Dark energy and dark matter are believed to make up almost 95% of our universe. We are still unsure about what they are or where they come from but we believe they hold galaxies together with their gravity.
That's why we were shocked to find out astronomers spotted a perplexing galaxy without the ever-elusive matter, according to Gizmodo. It all began three years ago when Filippo Fraternali, an astronomer at Kapteyn Astronomical Institute of the University of Groningen in the Netherlands, and his colleagues first came across a few diffuse galaxies that looked as though they lacked dark matter.
The researchers decided to examine one of them in detail. They picked one about 250,000 light-years away, called it AGC 114905, and used the 27 radio telescope antennas of the Very Large Array in New Mexico to study it.
After a detailed investigation, they came to the following conclusion. “The dark matter content that we infer in this galaxy is much, much smaller than what you would expect,” said Fraternali. The find is perplexing, to say the least. But it's not the first of its kind.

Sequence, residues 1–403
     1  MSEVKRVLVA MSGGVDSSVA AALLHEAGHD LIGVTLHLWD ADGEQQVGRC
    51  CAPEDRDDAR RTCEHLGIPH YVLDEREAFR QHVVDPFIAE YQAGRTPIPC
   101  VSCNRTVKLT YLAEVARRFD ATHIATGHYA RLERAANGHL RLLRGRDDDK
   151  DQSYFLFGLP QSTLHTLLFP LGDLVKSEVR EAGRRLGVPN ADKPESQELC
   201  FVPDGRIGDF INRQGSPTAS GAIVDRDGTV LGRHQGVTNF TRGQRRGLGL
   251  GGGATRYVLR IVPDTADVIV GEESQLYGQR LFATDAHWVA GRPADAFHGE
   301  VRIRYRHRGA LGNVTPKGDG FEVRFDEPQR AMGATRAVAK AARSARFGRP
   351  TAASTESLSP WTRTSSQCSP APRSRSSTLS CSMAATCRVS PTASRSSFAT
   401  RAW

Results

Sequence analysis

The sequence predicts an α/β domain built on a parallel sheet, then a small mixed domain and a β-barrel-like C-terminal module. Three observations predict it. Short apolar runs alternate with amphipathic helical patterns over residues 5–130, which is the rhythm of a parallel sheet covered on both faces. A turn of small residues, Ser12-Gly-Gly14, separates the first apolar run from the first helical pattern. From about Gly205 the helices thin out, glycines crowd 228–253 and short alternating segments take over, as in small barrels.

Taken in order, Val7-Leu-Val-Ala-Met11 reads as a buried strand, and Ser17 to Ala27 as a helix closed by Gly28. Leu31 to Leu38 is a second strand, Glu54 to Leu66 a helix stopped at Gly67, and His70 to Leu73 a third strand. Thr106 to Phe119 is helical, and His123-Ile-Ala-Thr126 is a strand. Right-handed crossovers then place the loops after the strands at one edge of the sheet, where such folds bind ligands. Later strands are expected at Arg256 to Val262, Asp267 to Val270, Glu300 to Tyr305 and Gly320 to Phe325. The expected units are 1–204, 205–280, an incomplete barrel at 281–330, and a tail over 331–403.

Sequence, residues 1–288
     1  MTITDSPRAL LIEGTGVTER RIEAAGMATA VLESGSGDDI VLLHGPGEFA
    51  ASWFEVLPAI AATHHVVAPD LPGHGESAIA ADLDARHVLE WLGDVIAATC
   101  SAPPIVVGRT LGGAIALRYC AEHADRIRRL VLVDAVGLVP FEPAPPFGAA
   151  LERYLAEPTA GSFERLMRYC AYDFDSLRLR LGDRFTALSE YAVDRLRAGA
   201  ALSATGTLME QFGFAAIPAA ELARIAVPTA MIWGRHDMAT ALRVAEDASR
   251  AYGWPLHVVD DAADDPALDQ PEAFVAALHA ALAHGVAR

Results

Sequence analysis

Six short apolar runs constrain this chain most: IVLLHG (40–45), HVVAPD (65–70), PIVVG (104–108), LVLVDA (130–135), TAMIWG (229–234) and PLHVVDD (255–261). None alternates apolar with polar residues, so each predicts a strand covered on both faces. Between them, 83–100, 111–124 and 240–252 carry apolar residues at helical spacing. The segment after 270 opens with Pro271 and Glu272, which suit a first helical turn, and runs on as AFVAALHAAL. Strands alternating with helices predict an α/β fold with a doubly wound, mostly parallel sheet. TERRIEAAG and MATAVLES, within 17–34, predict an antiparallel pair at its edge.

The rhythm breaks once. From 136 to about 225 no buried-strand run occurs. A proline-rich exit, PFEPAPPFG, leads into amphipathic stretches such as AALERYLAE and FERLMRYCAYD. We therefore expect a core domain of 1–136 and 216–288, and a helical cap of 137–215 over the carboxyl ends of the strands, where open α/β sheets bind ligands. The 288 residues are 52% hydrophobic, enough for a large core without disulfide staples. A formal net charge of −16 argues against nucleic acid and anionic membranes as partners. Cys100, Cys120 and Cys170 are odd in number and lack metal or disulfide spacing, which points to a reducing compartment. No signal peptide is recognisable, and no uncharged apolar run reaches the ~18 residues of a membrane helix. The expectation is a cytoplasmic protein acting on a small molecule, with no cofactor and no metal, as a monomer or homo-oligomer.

Not the first of its kind
Pieter van Dokkum, an astronomer at Yale, and his colleagues spotted similar galaxies in 2018 using the Hubble telescope. So why haven't they been more discussed?
Fraternali's galaxies and others like them have come to be called “ultra-diffuse galaxies.” They’re extremely spread out but have few stars and are almost so transparent that they’re difficult to investigate. “They’re slightly fainter in the center, so they’re difficult to detect. Now, with better telescopes and deeper observations, they have become more well known,” Mireia Montes, an astronomer at the Space Telescope Science Institute in Baltimore and an expert on such galaxies, told Gizmodo.
So does AGC 114905 and galaxies like it indicate a problem with conventional dark matter theories? It's too early to know yet. More research needs to be done including the use of the James Webb Space Telescope. One thing is for sure though: what we discover will be scintillating!
The study is published in the Monthly Notices of the Royal Astronomical Society.